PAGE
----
Environmental and right-of-way impacts have to be considered. Road leaders have to show whatever they pick will improve traffic. Which could mean a more expensive route.
“We can’t let cost drive the project,” Mattox said. “We have to demonstrate first and foremost that what we’re going to do is going to work.”
Even with support from state officials up to the governor’s office, Hooper said, getting the money for work at S.C. 160 could mean borrowing federal money from groups similar to RFATS.
RFATS could have to borrow several years’ worth of funding. York County has an application to the state infrastructure bank that also could bring money.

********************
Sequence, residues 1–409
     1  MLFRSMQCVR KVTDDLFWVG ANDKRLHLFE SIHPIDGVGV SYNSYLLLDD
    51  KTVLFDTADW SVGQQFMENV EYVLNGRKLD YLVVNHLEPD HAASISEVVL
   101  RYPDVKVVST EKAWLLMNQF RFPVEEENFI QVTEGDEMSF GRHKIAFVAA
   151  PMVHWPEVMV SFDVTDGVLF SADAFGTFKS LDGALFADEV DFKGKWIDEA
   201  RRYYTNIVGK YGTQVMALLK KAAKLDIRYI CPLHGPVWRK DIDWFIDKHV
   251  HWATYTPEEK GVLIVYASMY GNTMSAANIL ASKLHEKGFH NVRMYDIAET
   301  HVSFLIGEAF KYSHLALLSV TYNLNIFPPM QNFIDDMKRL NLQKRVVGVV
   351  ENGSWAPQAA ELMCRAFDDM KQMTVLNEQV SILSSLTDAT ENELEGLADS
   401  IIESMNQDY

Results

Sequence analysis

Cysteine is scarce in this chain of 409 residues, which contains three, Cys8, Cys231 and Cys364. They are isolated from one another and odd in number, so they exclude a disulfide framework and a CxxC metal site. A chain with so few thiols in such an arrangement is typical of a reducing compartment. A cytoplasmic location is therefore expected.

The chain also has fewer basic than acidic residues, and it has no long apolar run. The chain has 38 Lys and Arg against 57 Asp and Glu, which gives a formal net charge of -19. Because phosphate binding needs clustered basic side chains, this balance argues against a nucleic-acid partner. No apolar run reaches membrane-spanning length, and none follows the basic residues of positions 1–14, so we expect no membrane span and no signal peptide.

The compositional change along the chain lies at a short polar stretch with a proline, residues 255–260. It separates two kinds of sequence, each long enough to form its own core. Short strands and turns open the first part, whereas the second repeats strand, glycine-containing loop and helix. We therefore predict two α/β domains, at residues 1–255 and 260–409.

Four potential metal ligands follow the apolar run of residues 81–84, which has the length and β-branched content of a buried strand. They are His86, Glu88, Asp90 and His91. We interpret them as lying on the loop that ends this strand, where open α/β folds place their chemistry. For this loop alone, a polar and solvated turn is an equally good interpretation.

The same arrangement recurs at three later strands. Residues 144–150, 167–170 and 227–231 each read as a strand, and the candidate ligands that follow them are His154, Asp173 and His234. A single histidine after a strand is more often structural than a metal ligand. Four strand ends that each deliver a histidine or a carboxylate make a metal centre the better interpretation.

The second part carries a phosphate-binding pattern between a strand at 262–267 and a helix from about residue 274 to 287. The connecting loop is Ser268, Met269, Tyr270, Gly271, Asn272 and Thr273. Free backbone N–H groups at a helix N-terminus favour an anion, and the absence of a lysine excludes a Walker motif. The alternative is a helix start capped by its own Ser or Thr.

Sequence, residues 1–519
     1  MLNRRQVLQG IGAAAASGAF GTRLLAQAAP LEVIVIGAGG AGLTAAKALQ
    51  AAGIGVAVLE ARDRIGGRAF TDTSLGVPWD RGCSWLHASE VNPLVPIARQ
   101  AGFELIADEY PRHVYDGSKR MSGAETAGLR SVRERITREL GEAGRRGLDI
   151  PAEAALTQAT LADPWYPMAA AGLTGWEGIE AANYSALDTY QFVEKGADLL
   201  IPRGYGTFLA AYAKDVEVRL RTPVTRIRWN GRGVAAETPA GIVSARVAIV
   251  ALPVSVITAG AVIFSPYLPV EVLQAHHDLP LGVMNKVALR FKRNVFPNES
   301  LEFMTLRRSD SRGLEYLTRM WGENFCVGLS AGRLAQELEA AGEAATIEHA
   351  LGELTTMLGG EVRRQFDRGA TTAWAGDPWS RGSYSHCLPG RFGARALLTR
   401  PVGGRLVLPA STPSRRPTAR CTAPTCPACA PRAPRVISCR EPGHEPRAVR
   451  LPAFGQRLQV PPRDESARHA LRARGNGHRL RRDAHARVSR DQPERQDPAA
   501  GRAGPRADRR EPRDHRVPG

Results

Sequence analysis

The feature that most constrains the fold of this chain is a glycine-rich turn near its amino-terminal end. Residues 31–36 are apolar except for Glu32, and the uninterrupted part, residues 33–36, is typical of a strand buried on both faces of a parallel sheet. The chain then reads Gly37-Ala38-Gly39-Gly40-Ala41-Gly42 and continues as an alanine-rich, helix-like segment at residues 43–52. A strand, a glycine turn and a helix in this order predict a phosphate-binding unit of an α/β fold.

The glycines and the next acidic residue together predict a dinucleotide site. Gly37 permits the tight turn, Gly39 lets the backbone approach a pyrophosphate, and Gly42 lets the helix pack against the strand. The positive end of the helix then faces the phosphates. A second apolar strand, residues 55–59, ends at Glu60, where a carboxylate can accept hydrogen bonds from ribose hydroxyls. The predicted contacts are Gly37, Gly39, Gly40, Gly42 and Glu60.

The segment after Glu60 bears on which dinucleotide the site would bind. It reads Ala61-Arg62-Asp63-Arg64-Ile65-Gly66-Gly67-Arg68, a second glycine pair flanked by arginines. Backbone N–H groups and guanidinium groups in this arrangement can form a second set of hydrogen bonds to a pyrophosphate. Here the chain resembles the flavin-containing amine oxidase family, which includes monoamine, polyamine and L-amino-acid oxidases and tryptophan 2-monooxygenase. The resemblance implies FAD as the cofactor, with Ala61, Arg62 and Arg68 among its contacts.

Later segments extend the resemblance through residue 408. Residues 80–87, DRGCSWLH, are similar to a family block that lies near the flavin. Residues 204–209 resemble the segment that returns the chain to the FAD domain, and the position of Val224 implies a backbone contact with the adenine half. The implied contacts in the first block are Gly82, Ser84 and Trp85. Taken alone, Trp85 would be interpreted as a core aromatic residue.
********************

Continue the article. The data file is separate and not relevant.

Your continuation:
RFATS and other road planners have talked about a new interchange north of S.C. 160, at Coltharp Road.
“We’ve had prior discussions about the advisability of having something there,” Hooper said. “That it seems to make sense to incorporate something given what may happen at the (former) Knights Stadium, full buildout at Kingsley. That’s still an evolving picture.”
For now, Coltharp doesn’t make the cut.
“When they ran the numbers, it didn’t provide enough benefit to go ahead and go forward,” Hooper said.
Another option is to wait. It isn’t a popular one.
Chief Bill Harris with Catawba Indian Nation, an RFATS policy committee member, sees air quality and other benefits to the more expensive options since they would keep more traffic moving. He sees those options as planning for expected growth to come.
“If we don’t do it now, in 10 years we’ll come back and we’ll have this conversation — or somebody will be having this conversation — but now the price tag has grown,” Harris said.
Only going so far